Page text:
Athletic shoe and apparel giant Nike has begun sending invitations to the media for a mid-October event, dubbed the "NikeFuel Forum," where the company will outline the future of its NikeFuel activity tracking initiative, reports CNET. Rumored to make an appearance at the event is a new version of its FuelBand fitness tracker.
The wearable health tracker is ripe for a hardware upgrade, as Nike has has yet to issue a refresh since the original FuelBand debuted in January 2012. According to a report from Gear Live, the so-called "FuelBand 2" will incorporate a heart rate monitor, more responsive LEDs, and Bluetooth low energy support for syncing to iOS devices.
Nike and Apple have a long history of collaboration, with Nike+ integration included in the iPod and iPhone, while the FuelBand's companion apps remain iOS-exclusive. Apple CEO Tim Cook praised the FuelBand at the D11 conference in May, saying the Beaverton-based company did a "great job" on the product. Cook also revealed that he is a regular user of the device.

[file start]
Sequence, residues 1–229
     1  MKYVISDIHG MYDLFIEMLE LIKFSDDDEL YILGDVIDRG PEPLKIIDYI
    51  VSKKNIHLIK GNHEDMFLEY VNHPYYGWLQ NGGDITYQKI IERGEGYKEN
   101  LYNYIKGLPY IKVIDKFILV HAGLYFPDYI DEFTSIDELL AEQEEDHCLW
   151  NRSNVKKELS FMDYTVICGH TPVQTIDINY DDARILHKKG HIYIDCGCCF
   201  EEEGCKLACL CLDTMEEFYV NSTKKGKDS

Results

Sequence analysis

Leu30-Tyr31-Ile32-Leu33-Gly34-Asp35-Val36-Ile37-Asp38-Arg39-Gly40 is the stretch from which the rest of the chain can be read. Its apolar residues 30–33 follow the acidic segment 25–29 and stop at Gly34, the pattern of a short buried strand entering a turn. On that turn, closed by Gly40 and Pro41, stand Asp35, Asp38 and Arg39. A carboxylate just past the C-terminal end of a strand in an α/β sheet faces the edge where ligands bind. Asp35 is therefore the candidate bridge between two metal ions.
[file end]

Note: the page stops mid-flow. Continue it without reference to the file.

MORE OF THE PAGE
As the "quantified self" movement heats up with products like the FuelBand, Jawbone's Up, and FitBit's series of wearable devices proving popular, Apple has begun to pay more attention to the segment. Cupertino's new flagship iPhone 5s shipped with the M7 motion coprocessor, a discrete chip on the handset's logic board that allows the iPhone to continue collecting motion tracking data from the device's sensors without waking up the more powerful A7 processor, thereby enhancing battery life.
Additionally, iOS 7 rolled out with a new set of APIs that enable easier device pairing and synchronization. For example, iOS 7's state preservation and restoration service allows Bluetooth devices to maintain their connection to the handset for background data transfer, even if apps requesting the assets are not running. That means fitness trackers like the FuelBand can continue to synchronize data to an iOS device without the need for user intervention.